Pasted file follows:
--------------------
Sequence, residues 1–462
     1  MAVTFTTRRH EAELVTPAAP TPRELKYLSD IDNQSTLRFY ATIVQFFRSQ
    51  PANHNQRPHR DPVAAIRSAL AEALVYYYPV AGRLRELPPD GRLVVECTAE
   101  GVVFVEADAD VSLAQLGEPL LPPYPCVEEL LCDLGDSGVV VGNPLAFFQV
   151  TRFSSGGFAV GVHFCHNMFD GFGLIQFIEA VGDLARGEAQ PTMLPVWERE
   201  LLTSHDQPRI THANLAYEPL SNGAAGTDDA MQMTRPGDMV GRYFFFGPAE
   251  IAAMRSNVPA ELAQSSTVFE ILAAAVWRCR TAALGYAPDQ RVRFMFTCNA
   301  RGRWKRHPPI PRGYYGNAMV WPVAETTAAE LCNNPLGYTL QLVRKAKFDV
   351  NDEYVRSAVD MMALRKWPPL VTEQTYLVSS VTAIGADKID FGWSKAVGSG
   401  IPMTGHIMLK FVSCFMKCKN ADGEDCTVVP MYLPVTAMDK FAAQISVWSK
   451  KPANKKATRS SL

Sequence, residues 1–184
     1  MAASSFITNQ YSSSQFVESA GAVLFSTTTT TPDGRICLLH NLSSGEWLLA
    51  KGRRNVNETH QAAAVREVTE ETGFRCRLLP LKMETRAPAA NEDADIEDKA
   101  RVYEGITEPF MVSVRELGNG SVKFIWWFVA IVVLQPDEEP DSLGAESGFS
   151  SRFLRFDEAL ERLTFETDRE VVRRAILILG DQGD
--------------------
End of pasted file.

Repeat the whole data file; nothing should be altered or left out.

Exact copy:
Sequence, residues 1–462
     1  MAVTFTTRRH EAELVTPAAP TPRELKYLSD IDNQSTLRFY ATIVQFFRSQ
    51  PANHNQRPHR DPVAAIRSAL AEALVYYYPV AGRLRELPPD GRLVVECTAE
   101  GVVFVEADAD VSLAQLGEPL LPPYPCVEEL LCDLGDSGVV VGNPLAFFQV
   151  TRFSSGGFAV GVHFCHNMFD GFGLIQFIEA VGDLARGEAQ PTMLPVWERE
   201  LLTSHDQPRI THANLAYEPL SNGAAGTDDA MQMTRPGDMV GRYFFFGPAE
   251  IAAMRSNVPA ELAQSSTVFE ILAAAVWRCR TAALGYAPDQ RVRFMFTCNA
   301  RGRWKRHPPI PRGYYGNAMV WPVAETTAAE LCNNPLGYTL QLVRKAKFDV
   351  NDEYVRSAVD MMALRKWPPL VTEQTYLVSS VTAIGADKID FGWSKAVGSG
   401  IPMTGHIMLK FVSCFMKCKN ADGEDCTVVP MYLPVTAMDK FAAQISVWSK
   451  KPANKKATRS SL

Sequence, residues 1–184
     1  MAASSFITNQ YSSSQFVESA GAVLFSTTTT TPDGRICLLH NLSSGEWLLA
    51  KGRRNVNETH QAAAVREVTE ETGFRCRLLP LKMETRAPAA NEDADIEDKA
   101  RVYEGITEPF MVSVRELGNG SVKFIWWFVA IVVLQPDEEP DSLGAESGFS
   151  SRFLRFDEAL ERLTFETDRE VVRRAILILG DQGD